I count this among the small pleasures in life: flipping through the day’s mail, as I did last week, to see that it includes a copy of Seattle magazine’s annual “Best Restaurants” issue. Not only because I’m an adamant fan of our local restaurants and love to see what’s on the radar, which spots I need to add to my “gotta get there” list. But also because, for just over six years, I was the food editor at Seattle and that restaurant issue was by far the biggest project of the year. It pulled together the culmination of a year’s worth of restaurant experiences, homing in on what really stood out as the very best of Seattle-area dining destinations. Fun, challenging, super detailed, tough decisions. To be honest, I enjoyed the process while it lasted but it’s a treat now to just have the magazine show up in my mail slot.

And it’s nice to know, perusing this year’s honorees, that I’m not too far out of the restaurant-scene loop! In fact, I’ve been to all five of the year’s “Best New Restaurants,” three of which I’ve blogged about in recent months: Spinasse, The Corson Building, Poppy— and Olivar and Spring Hill are on my too-long to-write list!

Because I’m such a fan of celebrating the story, and history, behind the food, I was jazzed to see that the article gave some solid attention to restaurants that have stood the test of time, going back even 100-plus years with Maneki (which I’m embarrassed to say I have never been to!). A few dozen other restaurants are featured in other benchmark categories, such as 30+ (including Ray’s Boathouse) and 20+ (Rover’s among them). Then still a few more pages of quick-hit highlights of the year, from “most convincing argument that cauliflower is not a vegetable” to “best $11 you’ll spend on dinner in Seattle.” Sorry, I’m not giving everything away. You have to flip through the magazine to find out all the gems of the year.

Funny to see what the husband of current food editor, Alison Austin Scheff, has to say in a sidebar titled “Married to the Job.” My own dining cohort (for nearly 25 years now) has waxed on occasionly about the joys and challenges of being married to a food writer. But never had an opportunity to have a public platform for his perspective. Maybe I’ll let him make a guest posting one of these days. But–for the most part–I’m pretty sure the scales weigh more to the positive. Even if some evenings he’d rather pick his dining destination. Which is often home.

Way to go, Alison (and your cohorts). I know from experience what a big job that annual issue is. This one is a winner.

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Dinner Out: Spinasse

Interestingly, it was Bob’s idea that we go for the menu degustazione on Saturday night. He’s definitely not a picky eater but for health reasons has to be a little selective about what’s on his plate. Maybe he was just feeling indecisive. Or adventurous. Or maybe this was just one of those rare occasions when literally everything sounded good.

I was surprised by the suggestion, but it only took a moment for me to agree. Usually when a marathon meal is in the cards, it’s something you plan ahead for (i.e. light lunch, long walk).  In fact, we’d kind a pre-functioned a bit already, which I’d have skipped had I known. We had a few bites at Ethan Stowell’s brand-new Anchovies and Olives, opened the day before, just a block away. More report on that later, we need to go back for a broader menu tasting. But the raw mackerel with toasted pine nuts, sliced radish and tiny beet sprouts was outstanding.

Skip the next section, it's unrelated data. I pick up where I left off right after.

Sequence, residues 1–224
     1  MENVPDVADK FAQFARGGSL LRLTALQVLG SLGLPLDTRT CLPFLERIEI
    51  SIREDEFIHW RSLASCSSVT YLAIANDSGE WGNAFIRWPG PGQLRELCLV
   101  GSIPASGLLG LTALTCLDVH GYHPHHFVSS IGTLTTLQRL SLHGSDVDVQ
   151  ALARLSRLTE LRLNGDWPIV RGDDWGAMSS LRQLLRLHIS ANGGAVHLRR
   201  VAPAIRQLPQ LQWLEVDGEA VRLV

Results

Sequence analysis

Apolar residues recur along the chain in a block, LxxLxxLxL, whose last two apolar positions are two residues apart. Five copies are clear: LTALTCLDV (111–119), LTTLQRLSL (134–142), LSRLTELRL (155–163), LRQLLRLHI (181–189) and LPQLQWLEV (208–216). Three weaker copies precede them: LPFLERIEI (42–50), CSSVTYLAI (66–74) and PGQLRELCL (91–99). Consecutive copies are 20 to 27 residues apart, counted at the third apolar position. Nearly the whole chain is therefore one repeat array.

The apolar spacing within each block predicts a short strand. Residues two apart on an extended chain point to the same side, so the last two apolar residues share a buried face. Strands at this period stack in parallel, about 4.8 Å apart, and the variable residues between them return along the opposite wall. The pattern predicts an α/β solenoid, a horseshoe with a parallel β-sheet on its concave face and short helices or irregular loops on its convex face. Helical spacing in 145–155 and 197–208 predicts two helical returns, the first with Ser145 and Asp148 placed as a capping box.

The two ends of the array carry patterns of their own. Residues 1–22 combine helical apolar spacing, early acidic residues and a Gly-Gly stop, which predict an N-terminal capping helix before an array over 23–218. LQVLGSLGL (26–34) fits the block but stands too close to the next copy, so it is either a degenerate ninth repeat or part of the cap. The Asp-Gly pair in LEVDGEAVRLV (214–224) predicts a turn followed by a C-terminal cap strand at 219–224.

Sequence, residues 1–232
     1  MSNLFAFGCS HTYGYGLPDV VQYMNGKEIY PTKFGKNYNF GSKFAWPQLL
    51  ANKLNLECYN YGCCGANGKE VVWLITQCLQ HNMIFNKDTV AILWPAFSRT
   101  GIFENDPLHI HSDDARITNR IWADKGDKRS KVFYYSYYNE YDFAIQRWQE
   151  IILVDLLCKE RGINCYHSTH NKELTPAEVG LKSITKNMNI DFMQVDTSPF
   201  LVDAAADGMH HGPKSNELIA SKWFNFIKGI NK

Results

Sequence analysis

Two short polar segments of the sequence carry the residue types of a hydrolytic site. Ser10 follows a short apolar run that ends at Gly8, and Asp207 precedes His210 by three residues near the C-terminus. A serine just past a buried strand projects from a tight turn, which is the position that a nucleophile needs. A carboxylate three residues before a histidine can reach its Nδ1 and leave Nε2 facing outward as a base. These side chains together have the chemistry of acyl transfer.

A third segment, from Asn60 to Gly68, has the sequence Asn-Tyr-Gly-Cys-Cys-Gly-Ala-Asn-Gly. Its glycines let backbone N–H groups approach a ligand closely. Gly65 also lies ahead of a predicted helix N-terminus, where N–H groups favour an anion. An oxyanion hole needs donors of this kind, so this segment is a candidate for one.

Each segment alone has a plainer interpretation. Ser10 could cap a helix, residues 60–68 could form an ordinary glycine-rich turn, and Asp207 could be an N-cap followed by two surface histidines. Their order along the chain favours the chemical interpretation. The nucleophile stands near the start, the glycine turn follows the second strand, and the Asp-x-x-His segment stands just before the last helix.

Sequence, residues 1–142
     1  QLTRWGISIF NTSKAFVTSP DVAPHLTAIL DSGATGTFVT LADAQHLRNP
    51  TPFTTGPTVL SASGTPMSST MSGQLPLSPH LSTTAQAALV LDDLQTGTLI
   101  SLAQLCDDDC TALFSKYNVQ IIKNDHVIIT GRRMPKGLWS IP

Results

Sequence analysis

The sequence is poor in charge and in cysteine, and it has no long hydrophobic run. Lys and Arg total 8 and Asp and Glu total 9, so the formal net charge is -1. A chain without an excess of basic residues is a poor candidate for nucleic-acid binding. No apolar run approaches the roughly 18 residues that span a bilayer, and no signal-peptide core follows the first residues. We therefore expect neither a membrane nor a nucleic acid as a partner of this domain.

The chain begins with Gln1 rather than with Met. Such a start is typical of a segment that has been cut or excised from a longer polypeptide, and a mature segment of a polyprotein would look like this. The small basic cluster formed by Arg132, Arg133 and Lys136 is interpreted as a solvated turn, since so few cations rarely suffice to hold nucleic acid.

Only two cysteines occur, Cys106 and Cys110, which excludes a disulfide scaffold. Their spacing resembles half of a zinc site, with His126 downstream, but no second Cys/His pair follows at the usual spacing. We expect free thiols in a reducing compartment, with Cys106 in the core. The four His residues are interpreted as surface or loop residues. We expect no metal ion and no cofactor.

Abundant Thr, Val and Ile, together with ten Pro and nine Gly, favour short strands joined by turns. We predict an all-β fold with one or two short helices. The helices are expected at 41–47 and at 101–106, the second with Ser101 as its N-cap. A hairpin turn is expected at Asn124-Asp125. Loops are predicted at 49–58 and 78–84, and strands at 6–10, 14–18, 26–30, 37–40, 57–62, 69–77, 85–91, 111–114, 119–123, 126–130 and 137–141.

So what the heck. We took a deep breath and got ready for a sampling of everything on the menu at Spinasse.

It was kind of a last-minute decision, this dinner out. I had, of course, been wanting to get there for months, soon as I began to hear friends try to find superlatives to describe their meals. One more pal raving last week got me to stop whining and get over there. A lucky Saturday afternoon call secured 2 spots at 7:00 that night. No recession signs here, the place was packed and bustling, loud in a convivial sort of way.

The communal table setting can make conversation with your partner across the way a little challenging, but it all works out. And no chance you won’t have at least some interaction with folks next to you. In fact, it was sometimes hard not to pipe up with our neighbors as if we were dining partners. The husband sitting next to me ordered a martini with Aviation gin and was telling his wife that he thought it was from Oregon. It was everything I could do to not lean over and confirm that indeed it’s from Portland and wax on about the great gin and my friend Ryan, who’s part of the team behind it. (I just noticed that on their new site, the story behind Aviation cites “a small tiki party in West Seattle” as part of the early history of this Northwest gin. That little party was at my house!)

Under “menu degustazione” on the menu, it says “everything – $75 per person.” And they do mean everything, aside from the contorni (vegetable sides), one of which was part of an entree anyway.

The seven antipasti selections came on three narrow oblong plates that sat like hash marks between us. Artisan salami with roasted leeks, simple as it was, was a favorite of us both. The salad with chicories, pheasant and walnuts was a winner too. And while I do not (typically) like beef tartare, the carne cruda Piemontese was heavenly: rich but mild, pure and simple. But the vitello tonnato, anchovies with green sauce and egg yolk, farro with yellow foot mushrooms….nothing was anywhere near a dud.

Then followed the three pastas of the night. I’ve never had a finer, more delicate pasta than the tajarin al ragù, whisper-thin strands tossed with a simple meat ragu. And the ravioli with nettles and ricotta, tossed with sage butter and toasted pine nuts–amazing. Not that the maltagliati with chickpeas and prosciutto was a slacker but the other two prevailed. In fact all three were delicious leftovers a couple days later. There was no way we could clean these plates and make it through the next and final round, our secondi.

The pork sausages with lentils and lacianato kale were–yet another–highlight of the evening. Simple, homemade sausages burst with unadulterated pork flavor, the earthy accompaniments an ideal foil for the sausages’ richness. And braised duck leg fell from the bone with the slightest touch, tender and delicious, served with juniper scented savoy cabbage.